While EPA has pledged to “use enforcement discretion and other approaches to ensure fairness for minor parties who may have been inadvertently impacted by the contamination,” EPA does not have the power to exempt entire industries from the scope of the statute outright, although individual sites may be able to qualify for defenses under CERCLA, such as de minimis or bona fide prospective purchaser protections.
Likely in anticipation of challenges to the proposed rule, EPA has defended its designation of PFOA and PFOS as based on significant evidence that those compounds may present a substantial danger to human health or welfare or the environment. EPA also cites to its recent (June 2022) interim updated health advisories for PFOA and PFOS in support of its action to designate PFOA and PFOS as a CERCLA hazardous substance. Perhaps also mindful of the recent US Supreme Court decision in West Virginia v. EPA, 597 U.S. __ (2022), the agency expressly notes that CERCLA “confers considerable discretion upon the EPA in its exercise of [its authority under CERCLA to] respond to releases or threatened releases of hazardous substances, and pollutants and contaminants in order to protect public health, welfare, and the environment.”
Costs associated with the proposed rule have been a focus for critics of the use of CERCLA to regulate PFOA and PFOS (as opposed to regulation through other statutes, such as RCRA). Of note, OMB has designated the proposed rule as “economically significant,” which means it is expected to have more than $100 million in economic impacts. This designation also requires EPA to conduct a regulatory impact analysis (RIA)—including consideration of the rule’s potential costs (both direct and indirect) and benefits—before the rule takes effect. Direct costs could include costs tied to reporting requirements; indirect costs would include costs associated with cleanup.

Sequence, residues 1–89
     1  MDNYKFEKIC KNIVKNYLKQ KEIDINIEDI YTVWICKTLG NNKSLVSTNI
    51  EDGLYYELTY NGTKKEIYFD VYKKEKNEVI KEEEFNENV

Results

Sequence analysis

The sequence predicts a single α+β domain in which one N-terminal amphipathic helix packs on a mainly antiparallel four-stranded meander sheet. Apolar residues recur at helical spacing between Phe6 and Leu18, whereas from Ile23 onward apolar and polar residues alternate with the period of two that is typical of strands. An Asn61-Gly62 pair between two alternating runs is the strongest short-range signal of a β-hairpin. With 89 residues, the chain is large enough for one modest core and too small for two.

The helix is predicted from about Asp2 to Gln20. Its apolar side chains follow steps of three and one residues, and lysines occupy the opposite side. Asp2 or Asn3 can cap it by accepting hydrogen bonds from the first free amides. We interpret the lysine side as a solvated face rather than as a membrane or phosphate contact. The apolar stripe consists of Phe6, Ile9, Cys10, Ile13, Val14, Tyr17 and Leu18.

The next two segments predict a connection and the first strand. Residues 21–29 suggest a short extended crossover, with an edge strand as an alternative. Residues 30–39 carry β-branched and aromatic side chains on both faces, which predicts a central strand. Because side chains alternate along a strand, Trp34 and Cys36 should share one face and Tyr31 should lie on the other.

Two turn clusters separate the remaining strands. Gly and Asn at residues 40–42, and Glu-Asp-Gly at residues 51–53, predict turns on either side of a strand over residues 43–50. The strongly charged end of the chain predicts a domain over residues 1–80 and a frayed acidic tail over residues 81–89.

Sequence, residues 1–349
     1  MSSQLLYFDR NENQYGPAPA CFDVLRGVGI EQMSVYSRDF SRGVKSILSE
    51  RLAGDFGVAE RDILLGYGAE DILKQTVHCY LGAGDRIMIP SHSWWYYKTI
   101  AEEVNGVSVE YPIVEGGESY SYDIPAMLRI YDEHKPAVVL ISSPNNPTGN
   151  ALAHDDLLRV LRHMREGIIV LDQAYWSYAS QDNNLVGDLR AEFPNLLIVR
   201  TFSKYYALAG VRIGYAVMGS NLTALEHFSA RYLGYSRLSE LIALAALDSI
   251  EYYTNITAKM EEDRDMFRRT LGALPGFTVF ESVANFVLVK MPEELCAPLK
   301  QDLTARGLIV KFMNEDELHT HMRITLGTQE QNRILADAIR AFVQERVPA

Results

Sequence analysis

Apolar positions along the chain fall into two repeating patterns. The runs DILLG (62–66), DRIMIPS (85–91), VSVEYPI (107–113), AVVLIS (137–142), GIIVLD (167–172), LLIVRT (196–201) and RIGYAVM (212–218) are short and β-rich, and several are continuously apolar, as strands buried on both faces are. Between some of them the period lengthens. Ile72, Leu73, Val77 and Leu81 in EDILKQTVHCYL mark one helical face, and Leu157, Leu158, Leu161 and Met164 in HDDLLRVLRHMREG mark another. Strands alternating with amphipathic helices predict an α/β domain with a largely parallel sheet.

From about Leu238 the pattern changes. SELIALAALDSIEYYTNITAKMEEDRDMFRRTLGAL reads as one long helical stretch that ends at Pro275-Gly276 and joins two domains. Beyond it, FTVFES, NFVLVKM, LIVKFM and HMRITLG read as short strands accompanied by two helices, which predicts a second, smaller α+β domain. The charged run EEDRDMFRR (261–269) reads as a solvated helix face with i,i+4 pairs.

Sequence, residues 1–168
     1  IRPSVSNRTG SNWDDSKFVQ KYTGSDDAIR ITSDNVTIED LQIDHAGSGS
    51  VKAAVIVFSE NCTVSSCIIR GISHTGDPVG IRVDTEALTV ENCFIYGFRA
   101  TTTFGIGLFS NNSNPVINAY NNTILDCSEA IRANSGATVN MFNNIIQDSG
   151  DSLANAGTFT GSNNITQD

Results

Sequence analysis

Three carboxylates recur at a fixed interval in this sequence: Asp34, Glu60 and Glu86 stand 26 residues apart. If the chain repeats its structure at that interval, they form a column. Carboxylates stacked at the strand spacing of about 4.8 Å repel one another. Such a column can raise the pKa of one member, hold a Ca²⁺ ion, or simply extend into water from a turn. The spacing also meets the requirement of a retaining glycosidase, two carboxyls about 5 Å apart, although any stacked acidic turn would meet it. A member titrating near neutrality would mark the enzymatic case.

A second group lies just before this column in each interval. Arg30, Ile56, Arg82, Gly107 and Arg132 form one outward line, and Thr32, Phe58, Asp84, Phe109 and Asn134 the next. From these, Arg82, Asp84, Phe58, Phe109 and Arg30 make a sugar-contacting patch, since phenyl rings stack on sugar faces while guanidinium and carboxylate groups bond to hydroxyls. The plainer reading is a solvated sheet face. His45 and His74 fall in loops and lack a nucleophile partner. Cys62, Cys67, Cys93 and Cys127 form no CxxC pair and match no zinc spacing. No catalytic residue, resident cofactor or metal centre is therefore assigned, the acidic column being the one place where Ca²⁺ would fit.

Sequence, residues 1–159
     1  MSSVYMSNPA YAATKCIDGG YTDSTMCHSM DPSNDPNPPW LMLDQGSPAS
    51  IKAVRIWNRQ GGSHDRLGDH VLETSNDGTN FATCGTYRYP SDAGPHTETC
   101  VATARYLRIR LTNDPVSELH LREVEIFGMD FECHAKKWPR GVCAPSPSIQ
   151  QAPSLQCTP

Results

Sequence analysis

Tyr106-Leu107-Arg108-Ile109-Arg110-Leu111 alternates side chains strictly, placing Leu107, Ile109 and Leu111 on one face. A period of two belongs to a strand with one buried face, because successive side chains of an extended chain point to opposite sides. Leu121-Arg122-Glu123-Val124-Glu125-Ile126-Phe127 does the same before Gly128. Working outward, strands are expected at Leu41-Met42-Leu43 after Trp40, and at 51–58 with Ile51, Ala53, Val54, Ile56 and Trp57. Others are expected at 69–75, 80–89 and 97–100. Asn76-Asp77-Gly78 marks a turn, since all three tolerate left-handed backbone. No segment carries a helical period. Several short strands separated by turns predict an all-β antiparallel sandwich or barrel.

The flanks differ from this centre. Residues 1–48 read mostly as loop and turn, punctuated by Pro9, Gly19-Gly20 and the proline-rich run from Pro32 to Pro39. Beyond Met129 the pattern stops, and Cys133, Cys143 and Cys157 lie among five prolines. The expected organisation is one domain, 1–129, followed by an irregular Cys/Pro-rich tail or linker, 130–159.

EPA has taken the position in the proposed rule that consideration of cost is not required in order to designate PFOA and PFOS as hazardous substances under CERCLA, although it is soliciting comments on this point.
Stakeholders will have 60 days from the date of publication of the proposed rule in the Federal Register to submit comments, although given the anticipated volume of comments, interested parties will likely seek to have the comment period extended. The proposed rule is projected to be published in the Federal Register by the second week of September, and EPA anticipates publishing a final rule by August 2023.
Finally, EPA also announced that it expects to issue an advanced notice of proposed rulemaking after the close of the comment period on the proposed rule for PFOA and PFOS in order to seek public comment on designating other PFAS chemicals as CERCLA hazardous substances.
If you have any questions or would like more information on the issues discussed in this LawFlash, please contact any of the following:
Julie Silva Palmer
Glen R. Stuart
Ella Foley Gannon
 This proposed rule was long awaited, having first been announced in EPA’s February 19, 2019, PFAS Action Plan, where “EPA reported that it was initiating the regulatory development process for designating PFOA and PFOS as hazardous substances.” In January 2021, however, EPA issued an advanced notice of proposed rulemaking seeking “comment on whether [EPA] should consider using authorities other than those we have already used . . . to address environmental contamination by [PFOA and PFOS].” Following the change in administration in January 2021, EPA renewed its efforts to advance the CERCLA listing, identifying it as one of its priorities in its October 18, 2021, PFAS Strategic Roadmap. The proposed rule was submitted to the Office of Management and Budget (OMB) on January 10, 2022, and was expected to be published in “spring 2022”; ultimately, however, OMB reviewed the rule for nearly twice the period authorized under Executive Order 12866, Section 6(b)(2) (which provides for a 90-day review period with one extension of up to no more than 30 calendar days).
 See Proposed Rule at 10.
 See Proposed Rule at 47-52.
 Proposed Rule at 12-13.
 See Proposed Rule at 22-23.